JFS Questions and (some) Answers

What did the court say?

The Court of Appeal ruled that it was against the Race Relations Act for Jewish schools to select pupils according to whether a parent was Jewish or not.

The case had been brought on behalf of a boy who was rejected by JFS in north London two years ago because his mother had been converted by a non-Orthodox rabbi and was not considered Jewish by the Office of the Chief Rabbi.
Under the law, schools can give places on the basis of religion, but not of race. JFS argued that its decision to refuse a place to the boy was religiously motivated.
However, the court ruled that taking into account the parent’s descent was a matter of ethnic origin — Jews are considered an ethnic, as well as religious, group — and therefore unlawful.

What will happen now?
JFS governors plan to appeal against the ruling to the House of Lords. The Board of Deputies is also considering joining the legal action as an “intervening party” which means it would be able to make submissions to the court. The Board says: “We believe that the Jewish community, and not the civil courts, should be the arbiters of these issues. Ours should not be the only community that is not entitled to determine its own criteria for its own membership.”

Are all Jewish schools affected by the ruling?
Many certainly will be — regardless of whether they are Orthodox or Progressive.

They will have to rewrite their entry rules if children are admitted at the moment on the basis of parental lineage. Instead, they will have to introduce rules based on belief and practice similar to Christian schools which require church attendance.

So what is wrong with a faith-based entry test?
The Board describes faith tests as “a clearly retrograde step”. It says: “Children of a Jewish parent or parents who are not practising will be at a disadvantage in applications to Jewish schools.” Families, for example, who rarely go to synagogue and keep few rituals but still identify with Jewish ethics, such as giving charity, could find it harder to prove their religious credentials for school entry. The situation could lead to a situation where “Jewish families may either have to feign religious observance or be denied the chance to give their children a Jewish education,” says the Board.

Governing bodies are currently considering how to draw up faith-based application rules. One option is to follow the example of Catholic schools where a family obtains a certificate from the local priest testifying to religious practice. But if an Orthodox school sets synagogue attendance as an entry criterion, it would be unable to reject the child of a non-Orthodox convert who regularly attends a Reform synagogue.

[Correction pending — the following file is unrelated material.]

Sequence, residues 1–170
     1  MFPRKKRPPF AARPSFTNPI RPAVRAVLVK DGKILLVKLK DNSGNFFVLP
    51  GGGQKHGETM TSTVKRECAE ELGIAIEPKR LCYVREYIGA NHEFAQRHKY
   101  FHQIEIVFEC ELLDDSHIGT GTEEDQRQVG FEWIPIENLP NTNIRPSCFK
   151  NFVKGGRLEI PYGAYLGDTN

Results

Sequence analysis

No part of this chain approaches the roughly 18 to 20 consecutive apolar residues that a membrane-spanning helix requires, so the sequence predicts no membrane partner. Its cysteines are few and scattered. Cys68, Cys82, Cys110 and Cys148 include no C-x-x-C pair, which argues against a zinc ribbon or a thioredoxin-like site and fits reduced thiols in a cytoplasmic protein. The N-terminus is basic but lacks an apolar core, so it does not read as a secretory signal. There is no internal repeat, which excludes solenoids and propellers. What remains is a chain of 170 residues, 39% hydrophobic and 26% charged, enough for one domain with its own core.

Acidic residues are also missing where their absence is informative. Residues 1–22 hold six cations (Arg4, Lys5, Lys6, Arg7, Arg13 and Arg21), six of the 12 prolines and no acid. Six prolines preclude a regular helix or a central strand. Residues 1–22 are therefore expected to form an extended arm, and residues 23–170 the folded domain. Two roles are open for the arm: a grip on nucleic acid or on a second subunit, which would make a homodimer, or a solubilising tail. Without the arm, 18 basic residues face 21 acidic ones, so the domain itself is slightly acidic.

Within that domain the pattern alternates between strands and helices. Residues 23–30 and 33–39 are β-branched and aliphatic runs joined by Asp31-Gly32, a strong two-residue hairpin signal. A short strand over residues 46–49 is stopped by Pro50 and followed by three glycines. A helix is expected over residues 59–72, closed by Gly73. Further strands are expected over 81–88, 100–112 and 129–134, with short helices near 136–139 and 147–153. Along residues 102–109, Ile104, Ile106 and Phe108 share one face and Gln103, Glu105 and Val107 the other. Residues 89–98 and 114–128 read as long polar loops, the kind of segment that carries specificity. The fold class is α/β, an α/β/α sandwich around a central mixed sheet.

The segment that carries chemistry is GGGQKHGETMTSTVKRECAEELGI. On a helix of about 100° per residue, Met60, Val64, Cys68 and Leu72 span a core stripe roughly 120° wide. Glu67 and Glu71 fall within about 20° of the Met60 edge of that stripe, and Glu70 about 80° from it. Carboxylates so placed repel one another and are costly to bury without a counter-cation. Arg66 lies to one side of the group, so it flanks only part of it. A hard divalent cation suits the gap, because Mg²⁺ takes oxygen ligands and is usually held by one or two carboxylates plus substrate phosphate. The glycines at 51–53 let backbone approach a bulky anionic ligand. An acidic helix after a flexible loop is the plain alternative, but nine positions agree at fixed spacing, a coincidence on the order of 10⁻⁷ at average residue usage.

Couldn’t shul membership determine entry?
There are two problems with this. First, this would rule out families who are not synagogue members: Jewish schools are seen as a way of drawing them into the Jewish community. Secondly, it might still pose legal problems. According to the Board, “synagogue membership, while unaffected in itself, will not be a permissible determinant in deciding admission because this itself tends to rely on Jewish parentage. This approach will adversely affect children with one or both Jewish parents who are not practising Jews.” If parents are members of a synagogue but hardly ever go, they might find it hard to get through a practice test.

Does this only affect state-aided schools?
No, it applies to independent schools as well. However, since there are certain exemptions for charities under the Race Relations Act, it could be that independent schools which are charities may escape the effects of the ruling. One for the lawyers to decide.

Does the ruling hit other Jewish institutions?
Still to be determined. According to the Board, synagogues and welfare services should not be affected because of the exemptions for charities. However, not everyone is so sure and it has been suggested that Jewish nursing homes on state funding, for example, could find themselves under pressure to adopt broader policies.

What happens with school entry this september?
l The big question. The Court of Appeal has, at the time of going to press, still to issue its order. If the law takes immediate effect, children whose mothers are non-Orthodox converts, and who were rejected by an Orthodox school this year, may still be able to appeal to the school — or sue for damages.

Jewish schools want to know if they will have to rewrite their admissions policies over the summer in time for children applying for September 2010.

If the House of Lords agrees to hear JFS’s appeal, it could decide to suspend the effect of the Court of Appeal’s ruling until after its own judgment. But the Lords go into recess from the end of July to October — which will make it hard for Jewish schools trying to advise parents who have to put in applications for their children in autumn.
How much has all this cost?

JFS isn’t revealing the sum it has spent, but the United Synagogue, which is the school’s foundation body, says it has so far spent £150,000 on the case. A further appeal to the Lords will involve even more expenditure.

Last updated: 2:13pm, July 10 2009